Five years ago I asked the county for permission to permanently mark and maintain the snowshoe route that the Ice Age Trail chapter used for a hike that year. This means I get the map signs out there, put tracks across the bogs after a snow, and keep the trail clear of brush with the help of other volunteers. Except for some used metal posts, Lincoln County has not contributed anything material as a government body to the maintenance of the snowshoe or biking-hiking trails, but the county has not gotten in the way either.
Last year I was taken off guard a bit to find that an $8 trail pass was asked for snowshoe hikers in addition to skiers, bikers, and horse riders. I have mixed feeling about charging people to hike so I'm asking for comments here. Please post a comment below and I will pass your opinions along.
I wasn't sure myself where the money from trail passes and grants went, so I checked with the Forestry Department. Much of the money from all passes goes to the grooming of the fabulous Underdown ski trails, a worthwhile project in my opinion. Other funds have gone to improve the parking lot and some will be used on the shelter to be built this summer. These projects do benefit all users. There is a chance that the bike-hike-snowshoe system could receive money from this fund to pay for improvements in the future, but none has been contributed to date. (The new snowshoe map signs and all hiking trail improvements were paid for from bike race entry fees and other donations.)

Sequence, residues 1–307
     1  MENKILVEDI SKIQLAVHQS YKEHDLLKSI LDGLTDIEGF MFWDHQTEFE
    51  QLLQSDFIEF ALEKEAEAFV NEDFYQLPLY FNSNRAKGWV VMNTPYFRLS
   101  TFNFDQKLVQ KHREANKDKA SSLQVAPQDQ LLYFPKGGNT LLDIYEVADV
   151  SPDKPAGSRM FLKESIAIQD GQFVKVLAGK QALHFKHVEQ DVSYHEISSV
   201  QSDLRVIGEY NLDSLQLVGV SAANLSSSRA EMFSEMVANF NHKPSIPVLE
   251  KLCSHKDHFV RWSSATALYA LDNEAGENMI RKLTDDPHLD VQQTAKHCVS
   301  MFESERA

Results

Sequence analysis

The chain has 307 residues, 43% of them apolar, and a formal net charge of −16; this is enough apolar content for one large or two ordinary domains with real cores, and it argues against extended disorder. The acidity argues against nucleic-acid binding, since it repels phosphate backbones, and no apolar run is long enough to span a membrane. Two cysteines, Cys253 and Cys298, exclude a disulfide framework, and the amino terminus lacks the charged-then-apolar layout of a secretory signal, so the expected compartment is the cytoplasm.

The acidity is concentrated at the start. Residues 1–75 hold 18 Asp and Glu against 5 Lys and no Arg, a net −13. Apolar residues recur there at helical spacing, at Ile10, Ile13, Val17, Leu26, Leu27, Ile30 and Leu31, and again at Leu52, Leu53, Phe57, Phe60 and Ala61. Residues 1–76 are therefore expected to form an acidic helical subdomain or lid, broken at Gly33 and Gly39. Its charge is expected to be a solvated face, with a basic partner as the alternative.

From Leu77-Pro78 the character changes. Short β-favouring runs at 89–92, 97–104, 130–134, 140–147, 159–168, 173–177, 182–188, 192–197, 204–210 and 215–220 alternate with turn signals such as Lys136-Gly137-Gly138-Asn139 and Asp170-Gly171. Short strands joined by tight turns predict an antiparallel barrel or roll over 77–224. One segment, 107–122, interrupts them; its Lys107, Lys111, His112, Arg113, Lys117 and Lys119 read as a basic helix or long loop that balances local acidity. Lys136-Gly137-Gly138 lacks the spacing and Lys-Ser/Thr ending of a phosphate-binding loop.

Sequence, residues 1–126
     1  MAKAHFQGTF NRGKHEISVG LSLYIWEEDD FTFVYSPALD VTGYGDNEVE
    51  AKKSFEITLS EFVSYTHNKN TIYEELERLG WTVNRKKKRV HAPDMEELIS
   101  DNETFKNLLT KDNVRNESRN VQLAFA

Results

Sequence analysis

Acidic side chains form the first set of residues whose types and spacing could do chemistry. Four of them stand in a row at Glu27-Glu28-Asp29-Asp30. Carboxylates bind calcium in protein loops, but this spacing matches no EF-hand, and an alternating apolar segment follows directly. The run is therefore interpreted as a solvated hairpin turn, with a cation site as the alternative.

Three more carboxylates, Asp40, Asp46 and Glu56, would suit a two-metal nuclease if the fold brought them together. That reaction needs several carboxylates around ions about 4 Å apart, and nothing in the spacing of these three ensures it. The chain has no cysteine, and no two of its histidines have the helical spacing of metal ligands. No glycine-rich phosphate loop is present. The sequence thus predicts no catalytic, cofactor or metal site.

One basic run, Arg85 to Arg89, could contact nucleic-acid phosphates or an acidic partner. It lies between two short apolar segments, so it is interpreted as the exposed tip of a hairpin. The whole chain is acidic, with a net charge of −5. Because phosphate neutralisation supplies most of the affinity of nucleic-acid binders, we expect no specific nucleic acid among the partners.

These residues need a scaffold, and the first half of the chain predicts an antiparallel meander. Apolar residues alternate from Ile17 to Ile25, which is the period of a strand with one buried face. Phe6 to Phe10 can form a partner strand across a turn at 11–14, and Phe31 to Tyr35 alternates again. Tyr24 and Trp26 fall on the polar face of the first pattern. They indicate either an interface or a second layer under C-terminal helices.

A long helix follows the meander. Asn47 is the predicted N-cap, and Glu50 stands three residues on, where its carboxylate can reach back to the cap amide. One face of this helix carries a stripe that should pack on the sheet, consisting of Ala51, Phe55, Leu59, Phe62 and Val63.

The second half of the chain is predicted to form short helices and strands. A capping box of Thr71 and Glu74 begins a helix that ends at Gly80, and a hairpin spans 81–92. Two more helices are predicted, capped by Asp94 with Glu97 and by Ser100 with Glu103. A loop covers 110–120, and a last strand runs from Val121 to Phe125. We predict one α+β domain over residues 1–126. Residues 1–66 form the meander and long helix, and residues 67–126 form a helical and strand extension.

My concern is that hikers are choosing not to visit the Underdown because of the $8 fee. To some extent, snowshoe hikers pay their dues just by hiking on the trail to break trail for the next hiker. Good snowshoe trails are really a cooperative effort of all hikers who follow in each other's tracks and establish the trail in the process. I was out last night and didn't see the tracks I'd expected. Maybe it was just the cold, but I worried that the snowshoe community would break down because of the fee.
Maybe we should just be thankful to have access to the Underdown. Though there are scattered moments of consternation, I am grateful to have had the opportunity to build and maintain the Underdown trails. My biggest goal is that more people come to experience this amazing area. I love the thought of getting people out to the Long Bog between Mist Lake and Dog Lake for the first time. That spot is a treasure, so I hope money doesn't get in the way of the adventure. Marathon and Oneida Counties approach trail fees in essentially the same way so maybe a fee for hiking is a fact of life, but just because some other county takes a hike off a cliff doesn't mean we have to.
I've found the $8 daily pass to be a bummer, but there are other ways to get the job done. The $25 seasonal pass gets you access to all winter trails at once so you don't have to worry about it. Volunteer hours are logged and used for grant applications in some years. Volunteering also earns a free trail pass. Let me know if you are interested, and please post your comments below and cast your vote on the poll at right.